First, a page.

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A critical review of horse-related risk: a research agenda for safer mounts, riders and equestrian cultures

By K. Thompson, P. McGreevy, P. McManus

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While the importance of improving horse-related safety seems self-evident, no comprehensive study into understanding or reducing horse-related risk has been undertaken. In this paper, we discuss four dimensions of horse-related risk: the risk itself, the horse, the rider and the culture in which equestrian activities takes place. We identify how the ways in which risk is constructed in each dimension affects the applicability of four basic risk management options of avoidance, transference, mitigation and acceptance. We find the acceptance and avoidance of horse-related risk is generally high, most likely due to a common construction of horses as irrevocably unpredictable, fearful and dangerous. The transference of risk management is also high, especially in the use of protective technologies such as helmets. Of concern, the strategy least utilised is risk mitigation. We highlight the potential benefit in developing mitigation strategies directed at: (a) improving the predictability of horses (to and by humans), and (b) improving riders' competence in the physical skills that make them more resilient to injury and falls. We conclude with the presentation of a multidisciplinary agenda for research that could reduce accident, injury and death to horse-riders around the world.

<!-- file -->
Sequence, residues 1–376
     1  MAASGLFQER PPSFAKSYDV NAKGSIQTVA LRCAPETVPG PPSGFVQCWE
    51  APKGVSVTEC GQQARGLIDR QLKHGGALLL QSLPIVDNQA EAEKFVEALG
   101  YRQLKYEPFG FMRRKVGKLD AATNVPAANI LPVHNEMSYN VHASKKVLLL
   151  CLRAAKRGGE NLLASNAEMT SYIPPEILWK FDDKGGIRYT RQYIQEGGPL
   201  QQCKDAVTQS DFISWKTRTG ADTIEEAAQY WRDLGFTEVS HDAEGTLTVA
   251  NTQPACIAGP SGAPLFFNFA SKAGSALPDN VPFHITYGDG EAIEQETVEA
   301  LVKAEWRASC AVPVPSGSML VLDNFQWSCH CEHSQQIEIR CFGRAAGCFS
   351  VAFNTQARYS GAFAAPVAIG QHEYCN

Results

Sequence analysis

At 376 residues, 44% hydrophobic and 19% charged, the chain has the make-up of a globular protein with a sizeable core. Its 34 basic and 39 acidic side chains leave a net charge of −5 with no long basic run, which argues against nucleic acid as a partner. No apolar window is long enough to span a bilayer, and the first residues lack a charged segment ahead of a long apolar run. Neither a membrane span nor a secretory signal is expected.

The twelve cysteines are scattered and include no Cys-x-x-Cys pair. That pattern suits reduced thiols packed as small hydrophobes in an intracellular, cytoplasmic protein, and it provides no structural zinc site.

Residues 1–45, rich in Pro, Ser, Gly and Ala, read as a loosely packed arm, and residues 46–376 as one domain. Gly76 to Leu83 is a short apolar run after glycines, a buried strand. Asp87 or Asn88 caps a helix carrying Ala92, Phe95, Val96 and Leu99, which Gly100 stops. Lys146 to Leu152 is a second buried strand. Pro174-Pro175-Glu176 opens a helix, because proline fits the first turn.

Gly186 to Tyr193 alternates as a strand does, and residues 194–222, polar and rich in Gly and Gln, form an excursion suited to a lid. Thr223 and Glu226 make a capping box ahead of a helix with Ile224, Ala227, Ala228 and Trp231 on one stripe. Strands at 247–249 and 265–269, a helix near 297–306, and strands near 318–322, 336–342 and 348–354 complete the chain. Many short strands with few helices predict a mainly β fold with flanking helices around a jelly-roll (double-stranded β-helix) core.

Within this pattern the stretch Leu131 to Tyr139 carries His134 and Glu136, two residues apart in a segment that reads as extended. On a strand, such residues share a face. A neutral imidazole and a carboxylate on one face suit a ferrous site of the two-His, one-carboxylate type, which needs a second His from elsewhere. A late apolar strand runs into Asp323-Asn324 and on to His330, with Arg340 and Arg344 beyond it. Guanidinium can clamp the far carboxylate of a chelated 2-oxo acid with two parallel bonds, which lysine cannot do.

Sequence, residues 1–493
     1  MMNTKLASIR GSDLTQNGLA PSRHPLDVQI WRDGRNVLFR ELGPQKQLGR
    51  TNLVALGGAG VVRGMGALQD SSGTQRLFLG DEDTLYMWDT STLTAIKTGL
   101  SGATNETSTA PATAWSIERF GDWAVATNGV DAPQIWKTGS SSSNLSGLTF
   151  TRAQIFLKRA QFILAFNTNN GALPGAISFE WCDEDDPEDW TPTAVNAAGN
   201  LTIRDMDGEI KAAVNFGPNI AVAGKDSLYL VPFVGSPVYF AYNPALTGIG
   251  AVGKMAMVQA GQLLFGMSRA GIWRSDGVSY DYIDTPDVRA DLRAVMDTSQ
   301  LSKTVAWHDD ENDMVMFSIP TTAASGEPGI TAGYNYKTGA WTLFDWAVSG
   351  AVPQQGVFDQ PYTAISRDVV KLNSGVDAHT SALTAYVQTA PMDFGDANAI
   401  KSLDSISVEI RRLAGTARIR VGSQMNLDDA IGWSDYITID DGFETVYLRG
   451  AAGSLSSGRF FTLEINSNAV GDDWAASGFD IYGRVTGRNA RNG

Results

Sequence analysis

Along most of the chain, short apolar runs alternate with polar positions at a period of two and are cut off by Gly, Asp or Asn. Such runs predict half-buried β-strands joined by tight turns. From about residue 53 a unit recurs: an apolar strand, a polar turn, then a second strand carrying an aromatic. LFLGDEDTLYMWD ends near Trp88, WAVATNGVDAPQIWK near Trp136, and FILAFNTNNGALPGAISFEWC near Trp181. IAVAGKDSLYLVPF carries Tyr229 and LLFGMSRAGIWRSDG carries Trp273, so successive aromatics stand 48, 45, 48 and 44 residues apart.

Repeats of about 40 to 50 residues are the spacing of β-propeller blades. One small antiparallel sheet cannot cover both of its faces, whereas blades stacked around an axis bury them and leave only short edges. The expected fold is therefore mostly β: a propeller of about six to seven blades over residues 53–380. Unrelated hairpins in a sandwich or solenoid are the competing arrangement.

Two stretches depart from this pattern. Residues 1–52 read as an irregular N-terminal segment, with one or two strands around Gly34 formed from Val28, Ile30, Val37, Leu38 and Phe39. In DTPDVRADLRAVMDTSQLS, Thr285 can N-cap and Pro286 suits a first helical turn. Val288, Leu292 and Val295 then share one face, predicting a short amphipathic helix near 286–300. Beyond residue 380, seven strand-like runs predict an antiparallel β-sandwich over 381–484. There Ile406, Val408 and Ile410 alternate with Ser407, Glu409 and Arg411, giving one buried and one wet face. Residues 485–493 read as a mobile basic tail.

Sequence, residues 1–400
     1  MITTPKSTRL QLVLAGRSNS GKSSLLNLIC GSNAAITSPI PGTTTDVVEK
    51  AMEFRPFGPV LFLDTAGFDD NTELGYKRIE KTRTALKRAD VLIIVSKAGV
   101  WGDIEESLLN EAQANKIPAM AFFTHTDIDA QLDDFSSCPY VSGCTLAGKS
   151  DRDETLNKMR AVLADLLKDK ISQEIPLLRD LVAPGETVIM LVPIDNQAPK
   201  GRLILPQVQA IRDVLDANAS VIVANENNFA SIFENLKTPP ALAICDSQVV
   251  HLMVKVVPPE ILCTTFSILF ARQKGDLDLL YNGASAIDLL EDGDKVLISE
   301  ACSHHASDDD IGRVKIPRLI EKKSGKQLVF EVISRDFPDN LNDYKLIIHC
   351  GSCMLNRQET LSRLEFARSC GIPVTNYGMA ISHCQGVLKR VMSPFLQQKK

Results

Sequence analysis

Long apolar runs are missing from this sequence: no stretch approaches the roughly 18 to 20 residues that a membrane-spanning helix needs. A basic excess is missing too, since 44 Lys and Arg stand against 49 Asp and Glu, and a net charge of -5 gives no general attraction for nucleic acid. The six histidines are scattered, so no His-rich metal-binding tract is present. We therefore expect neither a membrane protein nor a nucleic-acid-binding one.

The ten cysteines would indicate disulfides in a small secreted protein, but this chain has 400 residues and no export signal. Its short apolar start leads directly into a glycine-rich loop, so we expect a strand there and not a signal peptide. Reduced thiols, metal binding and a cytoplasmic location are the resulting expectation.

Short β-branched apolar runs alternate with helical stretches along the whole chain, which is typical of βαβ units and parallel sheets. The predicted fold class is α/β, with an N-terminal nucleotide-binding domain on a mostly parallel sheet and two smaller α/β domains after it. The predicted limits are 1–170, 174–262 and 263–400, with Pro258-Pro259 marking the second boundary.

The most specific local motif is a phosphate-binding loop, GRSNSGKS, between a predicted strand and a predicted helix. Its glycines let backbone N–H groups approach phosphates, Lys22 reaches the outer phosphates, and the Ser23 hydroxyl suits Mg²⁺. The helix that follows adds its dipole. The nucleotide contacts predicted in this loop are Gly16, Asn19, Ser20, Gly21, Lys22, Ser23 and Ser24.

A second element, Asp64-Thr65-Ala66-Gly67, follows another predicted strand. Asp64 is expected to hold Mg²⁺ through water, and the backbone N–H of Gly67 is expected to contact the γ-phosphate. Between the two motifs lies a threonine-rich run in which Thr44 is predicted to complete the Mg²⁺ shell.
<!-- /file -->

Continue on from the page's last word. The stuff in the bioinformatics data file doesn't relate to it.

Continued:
Publication Title Animals
Volume 5
Issue 3
Pages 561-575
ISBN/ISSN 2076-2615
DOI 10.3390/ani5030372
Language English
Author Address The Appleton Institute, Central Queensland University, 44 Greenhill Road, Wayville, SA 5034,
Cite this work

Researchers should cite this work as follows:

  1. Animals
  2. Horseback riding
  3. Horses
  4. Humans
  5. Mammals
  6. Men
  7. peer-reviewed
  8. Primates
  9. Reviews
  10. Risk Assessment
  11. risk factors
  12. safety
  13. trauma
  14. ungulates
  15. vertebrates
  1. peer-reviewed